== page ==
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Paris Mountain

Paris Mountain  Image
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Clear Sky

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The swimming area at Paris Mountain is CLOSED for the 2017 season.

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8am-9pm, daily, during daylight saving time. Winter hours: 8am-6pm, daily. Extended to 9pm on Tu.


9 a.m. - 5 p.m., F-M and 11 a.m. - 5 p.m., Tu-Th.
Winter office hours: F-M 9am - 5pm, Tu-Th 11am-noon and 4 - 5pm.

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$5 adults; $3.25 SC seniors (age 65 & older); $3/ child age 6-15; Free for children 5 and younger. This admission includes access to our designated swimming area when it is open.

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Pets are not allowed in or around cabins, cabin areas or other lodging facilities. Pets are allowed in most outdoor areas provided they are kept under physical restraint or on a leash not longer than six feet. Owners will be asked to remove noisy or dangerous pets or pets that threaten or harass wildlife.

Paris Mountain State Park  Has Wifi

Wifi Available


1 of 16 SC State Parks built by the Civilian Conservation Corps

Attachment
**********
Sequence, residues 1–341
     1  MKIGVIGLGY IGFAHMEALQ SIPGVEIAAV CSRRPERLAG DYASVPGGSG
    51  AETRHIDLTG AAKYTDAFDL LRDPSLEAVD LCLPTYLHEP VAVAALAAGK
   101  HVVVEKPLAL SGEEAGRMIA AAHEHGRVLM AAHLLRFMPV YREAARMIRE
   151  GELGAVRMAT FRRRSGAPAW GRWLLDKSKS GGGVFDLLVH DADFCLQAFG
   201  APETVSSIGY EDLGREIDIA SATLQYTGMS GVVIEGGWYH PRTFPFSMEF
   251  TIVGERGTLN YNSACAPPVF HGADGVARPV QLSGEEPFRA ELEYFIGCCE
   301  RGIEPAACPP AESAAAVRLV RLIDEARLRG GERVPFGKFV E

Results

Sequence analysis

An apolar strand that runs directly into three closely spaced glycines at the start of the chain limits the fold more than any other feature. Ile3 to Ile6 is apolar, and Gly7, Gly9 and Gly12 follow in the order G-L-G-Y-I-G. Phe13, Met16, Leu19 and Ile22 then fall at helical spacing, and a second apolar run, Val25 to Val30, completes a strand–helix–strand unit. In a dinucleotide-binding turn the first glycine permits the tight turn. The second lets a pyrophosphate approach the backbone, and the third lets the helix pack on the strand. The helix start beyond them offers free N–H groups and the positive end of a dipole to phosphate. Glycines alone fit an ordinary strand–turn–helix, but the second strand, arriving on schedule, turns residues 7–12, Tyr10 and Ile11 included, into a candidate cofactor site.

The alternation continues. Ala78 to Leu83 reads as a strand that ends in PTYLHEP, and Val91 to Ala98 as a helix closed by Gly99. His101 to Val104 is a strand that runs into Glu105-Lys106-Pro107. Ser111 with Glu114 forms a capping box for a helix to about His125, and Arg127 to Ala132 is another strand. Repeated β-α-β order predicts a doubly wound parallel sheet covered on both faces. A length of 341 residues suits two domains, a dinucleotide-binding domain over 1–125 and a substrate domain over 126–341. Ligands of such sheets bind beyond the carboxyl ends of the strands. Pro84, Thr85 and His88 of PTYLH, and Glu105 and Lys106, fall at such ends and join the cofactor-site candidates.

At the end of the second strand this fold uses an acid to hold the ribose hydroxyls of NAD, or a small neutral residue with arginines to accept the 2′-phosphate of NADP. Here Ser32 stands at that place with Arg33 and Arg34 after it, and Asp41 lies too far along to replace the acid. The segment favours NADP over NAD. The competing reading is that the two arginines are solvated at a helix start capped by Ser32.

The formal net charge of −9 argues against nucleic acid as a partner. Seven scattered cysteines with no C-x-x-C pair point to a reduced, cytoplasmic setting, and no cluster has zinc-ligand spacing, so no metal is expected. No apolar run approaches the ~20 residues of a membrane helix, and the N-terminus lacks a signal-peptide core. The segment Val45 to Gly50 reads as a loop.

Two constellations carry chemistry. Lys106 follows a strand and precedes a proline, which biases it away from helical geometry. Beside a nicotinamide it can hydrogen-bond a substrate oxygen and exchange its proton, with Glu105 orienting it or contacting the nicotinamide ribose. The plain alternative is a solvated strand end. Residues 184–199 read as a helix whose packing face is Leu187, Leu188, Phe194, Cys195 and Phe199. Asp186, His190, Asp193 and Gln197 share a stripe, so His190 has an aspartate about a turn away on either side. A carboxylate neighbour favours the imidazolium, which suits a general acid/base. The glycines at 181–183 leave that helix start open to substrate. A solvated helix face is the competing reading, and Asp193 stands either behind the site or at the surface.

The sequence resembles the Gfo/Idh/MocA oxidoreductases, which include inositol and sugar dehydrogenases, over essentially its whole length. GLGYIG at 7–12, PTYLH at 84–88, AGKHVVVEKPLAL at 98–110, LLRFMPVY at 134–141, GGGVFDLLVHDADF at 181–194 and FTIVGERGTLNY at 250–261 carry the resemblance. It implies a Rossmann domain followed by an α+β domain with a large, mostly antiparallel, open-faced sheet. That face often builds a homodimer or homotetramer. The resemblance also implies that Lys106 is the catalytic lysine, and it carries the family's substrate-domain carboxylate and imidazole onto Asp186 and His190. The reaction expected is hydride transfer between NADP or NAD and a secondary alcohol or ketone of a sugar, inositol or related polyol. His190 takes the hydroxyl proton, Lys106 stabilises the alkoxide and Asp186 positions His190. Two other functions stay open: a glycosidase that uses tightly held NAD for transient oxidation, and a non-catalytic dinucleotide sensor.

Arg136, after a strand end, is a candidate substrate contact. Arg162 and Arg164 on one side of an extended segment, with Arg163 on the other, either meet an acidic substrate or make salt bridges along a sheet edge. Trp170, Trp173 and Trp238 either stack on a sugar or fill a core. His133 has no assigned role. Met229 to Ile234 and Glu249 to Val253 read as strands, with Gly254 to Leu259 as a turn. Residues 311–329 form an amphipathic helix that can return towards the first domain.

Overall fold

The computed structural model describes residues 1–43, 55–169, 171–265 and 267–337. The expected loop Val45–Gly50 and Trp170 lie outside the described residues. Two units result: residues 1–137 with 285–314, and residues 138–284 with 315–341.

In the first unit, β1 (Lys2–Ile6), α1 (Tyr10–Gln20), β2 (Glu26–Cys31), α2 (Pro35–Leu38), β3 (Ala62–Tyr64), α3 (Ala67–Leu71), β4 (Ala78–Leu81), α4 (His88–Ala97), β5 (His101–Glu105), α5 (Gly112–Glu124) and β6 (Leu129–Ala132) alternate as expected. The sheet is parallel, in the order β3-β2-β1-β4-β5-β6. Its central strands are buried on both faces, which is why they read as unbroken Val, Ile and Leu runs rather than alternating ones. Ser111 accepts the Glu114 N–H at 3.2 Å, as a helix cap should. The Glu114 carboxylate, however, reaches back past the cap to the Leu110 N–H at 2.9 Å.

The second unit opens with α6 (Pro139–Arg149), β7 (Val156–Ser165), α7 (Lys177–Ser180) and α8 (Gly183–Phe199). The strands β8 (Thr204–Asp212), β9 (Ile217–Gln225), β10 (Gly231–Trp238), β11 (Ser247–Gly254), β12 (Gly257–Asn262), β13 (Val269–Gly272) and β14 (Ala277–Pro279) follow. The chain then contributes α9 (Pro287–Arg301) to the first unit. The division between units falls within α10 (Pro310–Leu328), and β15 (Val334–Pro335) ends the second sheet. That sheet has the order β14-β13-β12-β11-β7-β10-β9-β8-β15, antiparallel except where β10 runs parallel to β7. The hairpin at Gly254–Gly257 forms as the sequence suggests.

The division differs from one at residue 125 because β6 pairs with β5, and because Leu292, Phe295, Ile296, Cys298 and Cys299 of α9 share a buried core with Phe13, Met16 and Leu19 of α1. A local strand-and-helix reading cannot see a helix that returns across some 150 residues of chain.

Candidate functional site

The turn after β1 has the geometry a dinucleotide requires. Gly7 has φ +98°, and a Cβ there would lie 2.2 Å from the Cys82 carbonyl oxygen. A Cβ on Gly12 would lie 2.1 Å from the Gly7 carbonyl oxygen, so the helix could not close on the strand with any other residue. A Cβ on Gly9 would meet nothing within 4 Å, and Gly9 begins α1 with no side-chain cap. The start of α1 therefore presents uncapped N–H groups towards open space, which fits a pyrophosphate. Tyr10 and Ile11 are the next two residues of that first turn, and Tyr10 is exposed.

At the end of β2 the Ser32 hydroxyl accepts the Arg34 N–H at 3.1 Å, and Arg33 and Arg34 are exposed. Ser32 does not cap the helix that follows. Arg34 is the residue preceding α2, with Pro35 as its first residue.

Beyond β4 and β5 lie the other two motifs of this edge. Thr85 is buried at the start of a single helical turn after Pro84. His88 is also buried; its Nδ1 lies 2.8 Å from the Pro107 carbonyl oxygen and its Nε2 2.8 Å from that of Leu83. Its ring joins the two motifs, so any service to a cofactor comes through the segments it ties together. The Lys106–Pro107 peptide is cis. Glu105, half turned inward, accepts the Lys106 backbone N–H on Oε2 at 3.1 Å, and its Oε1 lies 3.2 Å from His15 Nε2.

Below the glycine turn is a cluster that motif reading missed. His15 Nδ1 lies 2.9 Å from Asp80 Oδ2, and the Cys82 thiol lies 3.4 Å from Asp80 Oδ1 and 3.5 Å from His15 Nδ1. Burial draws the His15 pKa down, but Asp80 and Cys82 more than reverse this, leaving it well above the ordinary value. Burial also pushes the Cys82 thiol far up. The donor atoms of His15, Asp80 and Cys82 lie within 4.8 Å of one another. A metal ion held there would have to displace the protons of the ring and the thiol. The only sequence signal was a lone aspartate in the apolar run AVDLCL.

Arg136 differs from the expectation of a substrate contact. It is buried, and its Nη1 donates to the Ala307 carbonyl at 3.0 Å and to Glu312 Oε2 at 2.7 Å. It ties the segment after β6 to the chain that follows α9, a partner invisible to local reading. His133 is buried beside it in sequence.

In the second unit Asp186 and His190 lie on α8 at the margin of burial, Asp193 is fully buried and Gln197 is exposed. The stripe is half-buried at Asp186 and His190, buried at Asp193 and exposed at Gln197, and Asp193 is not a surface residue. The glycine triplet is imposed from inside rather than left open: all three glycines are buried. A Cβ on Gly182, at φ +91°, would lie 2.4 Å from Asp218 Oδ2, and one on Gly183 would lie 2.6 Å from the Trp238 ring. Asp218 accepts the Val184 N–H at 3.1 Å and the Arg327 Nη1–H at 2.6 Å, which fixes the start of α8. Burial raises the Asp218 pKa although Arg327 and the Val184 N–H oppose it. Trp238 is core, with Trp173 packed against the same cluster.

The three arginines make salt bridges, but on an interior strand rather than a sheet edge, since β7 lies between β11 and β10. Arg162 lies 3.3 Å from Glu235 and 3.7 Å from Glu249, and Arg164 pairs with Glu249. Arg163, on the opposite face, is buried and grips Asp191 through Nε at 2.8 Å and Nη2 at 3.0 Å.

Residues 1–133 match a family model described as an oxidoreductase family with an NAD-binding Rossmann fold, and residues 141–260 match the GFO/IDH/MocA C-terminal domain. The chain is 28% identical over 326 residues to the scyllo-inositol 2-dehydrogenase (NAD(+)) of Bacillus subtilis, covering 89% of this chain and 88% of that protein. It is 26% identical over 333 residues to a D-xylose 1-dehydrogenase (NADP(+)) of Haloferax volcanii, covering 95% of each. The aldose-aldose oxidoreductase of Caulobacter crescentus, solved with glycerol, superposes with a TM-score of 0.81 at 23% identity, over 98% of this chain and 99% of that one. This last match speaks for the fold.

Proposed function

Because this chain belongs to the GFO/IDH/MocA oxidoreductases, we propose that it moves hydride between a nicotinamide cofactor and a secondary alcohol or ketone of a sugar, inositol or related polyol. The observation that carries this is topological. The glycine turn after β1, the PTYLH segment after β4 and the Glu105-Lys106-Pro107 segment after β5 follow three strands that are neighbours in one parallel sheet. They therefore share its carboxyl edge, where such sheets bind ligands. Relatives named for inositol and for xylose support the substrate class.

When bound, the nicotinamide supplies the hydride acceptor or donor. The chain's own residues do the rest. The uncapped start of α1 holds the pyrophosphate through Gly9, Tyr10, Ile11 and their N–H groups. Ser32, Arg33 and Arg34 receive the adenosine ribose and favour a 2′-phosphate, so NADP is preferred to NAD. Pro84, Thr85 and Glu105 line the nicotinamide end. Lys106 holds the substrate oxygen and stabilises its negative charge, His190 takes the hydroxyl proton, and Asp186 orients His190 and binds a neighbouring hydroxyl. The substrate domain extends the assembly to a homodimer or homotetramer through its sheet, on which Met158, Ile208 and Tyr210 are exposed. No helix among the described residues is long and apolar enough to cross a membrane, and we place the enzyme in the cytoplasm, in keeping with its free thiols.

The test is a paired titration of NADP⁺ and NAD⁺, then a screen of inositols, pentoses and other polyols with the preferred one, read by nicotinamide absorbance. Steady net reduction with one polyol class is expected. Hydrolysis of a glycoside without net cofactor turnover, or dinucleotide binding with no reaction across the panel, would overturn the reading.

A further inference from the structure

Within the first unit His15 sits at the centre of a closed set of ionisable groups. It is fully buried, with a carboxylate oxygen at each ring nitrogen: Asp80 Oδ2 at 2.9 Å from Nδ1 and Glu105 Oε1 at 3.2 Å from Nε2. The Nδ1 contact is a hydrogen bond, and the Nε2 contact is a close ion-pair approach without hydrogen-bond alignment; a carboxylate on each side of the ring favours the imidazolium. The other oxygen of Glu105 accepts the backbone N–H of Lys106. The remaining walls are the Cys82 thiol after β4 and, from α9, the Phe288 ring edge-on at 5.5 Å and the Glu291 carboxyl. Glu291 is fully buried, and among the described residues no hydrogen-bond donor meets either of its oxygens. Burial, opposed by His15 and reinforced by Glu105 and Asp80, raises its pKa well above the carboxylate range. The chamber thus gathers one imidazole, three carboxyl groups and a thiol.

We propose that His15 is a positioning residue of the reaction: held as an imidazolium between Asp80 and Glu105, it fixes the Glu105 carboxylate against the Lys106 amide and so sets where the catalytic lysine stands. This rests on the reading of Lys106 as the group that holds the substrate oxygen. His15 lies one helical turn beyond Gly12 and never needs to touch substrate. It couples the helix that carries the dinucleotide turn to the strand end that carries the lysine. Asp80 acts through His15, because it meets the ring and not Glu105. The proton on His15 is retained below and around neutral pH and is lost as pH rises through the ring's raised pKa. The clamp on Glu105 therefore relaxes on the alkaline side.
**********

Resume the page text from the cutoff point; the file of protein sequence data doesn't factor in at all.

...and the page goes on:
1 monadnock  -- a mountain that rises up out of otherwise flat land -- Paris Mountain is a monadnock

15 miles of hiking and biking trails near downtown Greenville

4 park lakes -- Lake Placid, Mountain Lake, Buckhorn Lake and Reservoir #3 (also known as North Lake)

1 cool swimming area that is open during summer months

1 Park Center that explains the role of Paris Mountain in providing Greenville with water years ago

39 paved campsites, 13 of which offer tent pads

5 trailside camping sites

6 picnic shelters available for rent for picnics and other group gatherings

1540 acres of parkland near downtown Greenville for you to explore

Paris Mountain State Park


Unique Features

  • Significant Features: Paris Mountain is a monadnock, which is an isolated rock hill, ridge or small mountain that rises abruptly from an otherwise level land area. As you will notice, Paris Mountain rises above all other land formations near downtown Greenville.

    Lake Placid and Reservoir #3, located on the park, were once the water sources for Greenville, SC. The process for these protected water sources were as follows: the rain would fall, come down the trees, get filtered by the soil, run into nearby creeks and streams and come together to form these lakes. They are no longer used for this purpose, but were vital to Greenville at one time.